Opinion | Linda Harmon: There’s a new school for Ute Tribe children, and it’s about time | SummitDaily.com

Opinion | Linda Harmon: There’s a new school for Ute Tribe children, and it’s about time

Linda Harmon
Positive Progressive Thinking

It is very unsettling to learn generations of Ute children were taken away from their homes so they could be taught to assimilate into the Anglo-American culture. But today, thanks to Summit County’s Keystone Policy Center and the state of Colorado’s Response, Innovation and Student Equity — or RISE — fund, there is good news. A new school for Ute Tribe children and their families just opened. I’m delighted because this is very personal for me since I come from Native American heritage.

The Kwiyagat Community Academy will be in the Ute Mountain Reservation near the Four Corners Monument and Sleeping Ute Mountain, a sacred mountain for the Utes. Manuel Heart, chairman of the Ute Mountain Ute Tribe, said “In the past, generations of our grandfathers and our parents, a lot of our students were taken away from our homes, and they were taught to assimilate into the system.”

The irony of Native American children being taken from their homes to adapt into the very structure that was responsible for stealing their land and murdering their people is mind-numbingly stupid. It smacks of the ultimate white supremacy over Indigenous people who lived on this continent and in this state long before it became the United States. Additionally upsetting is that few people know this type of indoctrination happened, even recently.

The Keystone Policy Center is leading the way to address this vital issue that will help mold future generations. For two years, Keystone Policy Center has worked with the Ute Mountain leaders to plan for this school.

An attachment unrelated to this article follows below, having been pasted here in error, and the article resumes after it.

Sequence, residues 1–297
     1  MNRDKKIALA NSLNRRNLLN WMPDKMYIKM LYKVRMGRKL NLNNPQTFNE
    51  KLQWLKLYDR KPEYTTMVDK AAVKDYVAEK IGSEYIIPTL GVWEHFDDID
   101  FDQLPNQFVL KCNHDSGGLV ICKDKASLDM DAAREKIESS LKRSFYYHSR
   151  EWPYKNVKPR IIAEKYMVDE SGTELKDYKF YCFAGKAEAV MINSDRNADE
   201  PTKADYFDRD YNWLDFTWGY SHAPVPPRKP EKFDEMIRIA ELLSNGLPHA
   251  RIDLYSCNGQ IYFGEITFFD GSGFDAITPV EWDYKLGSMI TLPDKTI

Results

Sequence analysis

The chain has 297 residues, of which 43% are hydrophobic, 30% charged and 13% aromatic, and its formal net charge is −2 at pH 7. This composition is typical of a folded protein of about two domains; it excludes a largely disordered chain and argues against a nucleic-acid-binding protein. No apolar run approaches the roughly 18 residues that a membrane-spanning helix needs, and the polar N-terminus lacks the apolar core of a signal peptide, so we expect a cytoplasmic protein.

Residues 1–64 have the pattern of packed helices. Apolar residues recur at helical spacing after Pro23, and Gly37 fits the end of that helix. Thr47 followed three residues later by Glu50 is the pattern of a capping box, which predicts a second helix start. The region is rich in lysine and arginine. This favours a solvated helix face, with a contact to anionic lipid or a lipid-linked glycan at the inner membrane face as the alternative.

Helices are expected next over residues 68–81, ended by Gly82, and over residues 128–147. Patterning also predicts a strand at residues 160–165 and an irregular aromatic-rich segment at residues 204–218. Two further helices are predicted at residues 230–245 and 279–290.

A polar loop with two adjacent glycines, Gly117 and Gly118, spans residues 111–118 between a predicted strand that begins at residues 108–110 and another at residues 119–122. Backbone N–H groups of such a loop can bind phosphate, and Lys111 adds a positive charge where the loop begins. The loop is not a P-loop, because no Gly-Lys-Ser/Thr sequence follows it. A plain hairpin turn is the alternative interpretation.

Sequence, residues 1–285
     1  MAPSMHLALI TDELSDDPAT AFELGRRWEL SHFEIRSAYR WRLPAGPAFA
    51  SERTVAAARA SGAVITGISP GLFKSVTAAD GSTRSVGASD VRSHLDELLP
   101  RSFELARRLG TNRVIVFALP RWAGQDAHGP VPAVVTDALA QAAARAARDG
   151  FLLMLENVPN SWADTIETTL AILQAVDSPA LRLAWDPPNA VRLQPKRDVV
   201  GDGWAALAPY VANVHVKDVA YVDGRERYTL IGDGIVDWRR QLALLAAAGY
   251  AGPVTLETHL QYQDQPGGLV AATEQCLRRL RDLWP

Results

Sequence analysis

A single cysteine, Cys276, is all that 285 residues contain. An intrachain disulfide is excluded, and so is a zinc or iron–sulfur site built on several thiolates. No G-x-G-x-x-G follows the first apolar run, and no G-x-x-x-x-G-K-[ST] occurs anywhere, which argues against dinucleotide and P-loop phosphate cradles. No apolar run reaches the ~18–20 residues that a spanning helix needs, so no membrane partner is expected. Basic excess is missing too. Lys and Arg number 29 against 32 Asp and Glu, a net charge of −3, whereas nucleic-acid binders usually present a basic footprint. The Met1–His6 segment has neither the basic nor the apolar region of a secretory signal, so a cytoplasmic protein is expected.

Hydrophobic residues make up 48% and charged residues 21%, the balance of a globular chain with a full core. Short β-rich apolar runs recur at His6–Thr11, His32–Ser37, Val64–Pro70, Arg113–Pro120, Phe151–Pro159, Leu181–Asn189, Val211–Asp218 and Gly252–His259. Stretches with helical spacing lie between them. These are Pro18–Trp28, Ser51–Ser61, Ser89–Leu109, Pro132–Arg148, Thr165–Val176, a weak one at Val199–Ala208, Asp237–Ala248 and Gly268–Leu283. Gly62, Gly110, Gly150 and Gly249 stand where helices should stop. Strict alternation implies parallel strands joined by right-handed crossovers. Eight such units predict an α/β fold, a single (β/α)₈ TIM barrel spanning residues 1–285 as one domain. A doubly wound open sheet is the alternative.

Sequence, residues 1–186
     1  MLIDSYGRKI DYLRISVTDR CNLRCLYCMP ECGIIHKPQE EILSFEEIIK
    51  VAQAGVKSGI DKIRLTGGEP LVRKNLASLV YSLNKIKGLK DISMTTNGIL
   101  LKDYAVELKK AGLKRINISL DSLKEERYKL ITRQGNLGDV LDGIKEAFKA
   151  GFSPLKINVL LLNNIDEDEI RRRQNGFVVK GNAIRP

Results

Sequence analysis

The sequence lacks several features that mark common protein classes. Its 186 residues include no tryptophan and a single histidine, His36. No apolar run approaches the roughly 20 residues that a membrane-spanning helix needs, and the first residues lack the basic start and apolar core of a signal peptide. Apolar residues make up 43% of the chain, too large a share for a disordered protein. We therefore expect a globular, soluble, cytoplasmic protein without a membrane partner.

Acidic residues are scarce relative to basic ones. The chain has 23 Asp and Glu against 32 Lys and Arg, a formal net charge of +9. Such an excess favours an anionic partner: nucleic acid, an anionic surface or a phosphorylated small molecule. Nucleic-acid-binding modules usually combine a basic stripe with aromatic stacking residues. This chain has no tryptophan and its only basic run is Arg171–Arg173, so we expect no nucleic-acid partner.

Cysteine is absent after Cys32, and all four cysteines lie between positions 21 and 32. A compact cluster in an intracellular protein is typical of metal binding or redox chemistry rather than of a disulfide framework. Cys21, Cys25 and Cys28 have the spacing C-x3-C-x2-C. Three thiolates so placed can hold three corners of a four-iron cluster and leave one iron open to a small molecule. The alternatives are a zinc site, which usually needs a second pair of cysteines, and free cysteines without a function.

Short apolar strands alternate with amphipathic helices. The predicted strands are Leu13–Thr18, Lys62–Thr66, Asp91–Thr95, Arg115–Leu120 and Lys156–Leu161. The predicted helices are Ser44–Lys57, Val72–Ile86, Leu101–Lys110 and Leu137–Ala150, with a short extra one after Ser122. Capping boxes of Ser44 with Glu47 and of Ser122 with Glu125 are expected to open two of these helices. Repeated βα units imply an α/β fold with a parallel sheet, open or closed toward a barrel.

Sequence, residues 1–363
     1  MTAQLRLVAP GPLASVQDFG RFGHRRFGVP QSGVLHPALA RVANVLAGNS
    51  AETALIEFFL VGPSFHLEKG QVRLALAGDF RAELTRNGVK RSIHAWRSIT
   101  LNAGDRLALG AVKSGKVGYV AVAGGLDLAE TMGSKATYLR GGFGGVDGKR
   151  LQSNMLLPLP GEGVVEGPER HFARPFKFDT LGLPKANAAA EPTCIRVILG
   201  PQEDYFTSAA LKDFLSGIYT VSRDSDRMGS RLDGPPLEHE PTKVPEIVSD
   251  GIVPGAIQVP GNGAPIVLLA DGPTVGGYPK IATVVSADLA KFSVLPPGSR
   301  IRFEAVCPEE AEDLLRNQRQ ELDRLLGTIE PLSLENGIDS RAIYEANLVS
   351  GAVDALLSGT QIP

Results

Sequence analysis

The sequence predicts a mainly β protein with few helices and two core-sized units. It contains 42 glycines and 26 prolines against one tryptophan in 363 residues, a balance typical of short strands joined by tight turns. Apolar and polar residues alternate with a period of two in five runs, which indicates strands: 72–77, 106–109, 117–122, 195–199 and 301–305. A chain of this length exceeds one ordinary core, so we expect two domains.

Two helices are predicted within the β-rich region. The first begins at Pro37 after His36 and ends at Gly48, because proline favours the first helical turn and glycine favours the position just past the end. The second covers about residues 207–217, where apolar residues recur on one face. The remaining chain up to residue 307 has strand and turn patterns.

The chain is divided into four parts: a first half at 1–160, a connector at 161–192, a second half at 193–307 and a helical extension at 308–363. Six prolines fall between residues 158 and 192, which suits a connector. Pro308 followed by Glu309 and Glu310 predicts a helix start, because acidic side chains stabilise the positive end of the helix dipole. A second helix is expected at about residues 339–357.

“We are eager to now shift from planning to development and implementation at the direction of the Tribal Council,” said Millie Hamner, senior policy director for the center and leader of the RISE project.

Keystone Policy Center will facilitate an innovative, culturally based education system for the students and the families who live on the Ute Mountain Ute Reservation. Their plan is to bring levels of education and a curriculum focused on science, technology and engineering to give Native American children the broad-based foundation they need to excel in the workplace of the future.

The Ute Tribe’s commitment to making sure the students know their true history is essential to future success. A central part of the education plan is to integrate Ute arts, language and culture into all levels of education and curriculum.

While there are residents in Summit County who might not agree with putting state money toward this type of program, Ute Tribe leadership not surprisingly has been very gracious and grateful for the opportunity.

“It was a very blessed day for the Ute Mountain Ute Tribe when we received word that we were awarded the RISE grant from the state of Colorado from the office of Gov. Polis,” Heart said. “This is what a true government-to-government relationship should be through this partnership.”

Some Summit County residents might not be aware or want to believe in the atrocities committed by the white pioneers. While the Utes are the oldest residents of Colorado, in the mid-1800s, white European colonists and gold prospectors killed, pressured and forced the Ute people off their ancestral lands. Before being moved on to U.S. government reservations, they lived off the land. They possessed a set of central values and had a highly developed society. During 1865 to 1872, many were slaughtered by U.S. forces, and in the late 1800s, they were moved to the Southern Ute and Mountain Ute reservations in Colorado. Very few of the Ute people are left. The Ute Mountain Reservation, where the new school has opened, has only about 2,000 Utes remaining, living with limited resources.

While this academy does not erase the injustices of the past, at least the Keystone Policy Center and the state of Colorado are moving in the right direction. Polis and the Keystone Policy Center should receive heartfelt congratulations and appreciation for trying to make up for many unethical and criminal actions during the past two centuries.

With the opening of this academy, many more Ute children and their families will have the opportunity to learn new subjects that could help them achieve the American dream, even if the American dream we know today was not what their ancestors envisioned.

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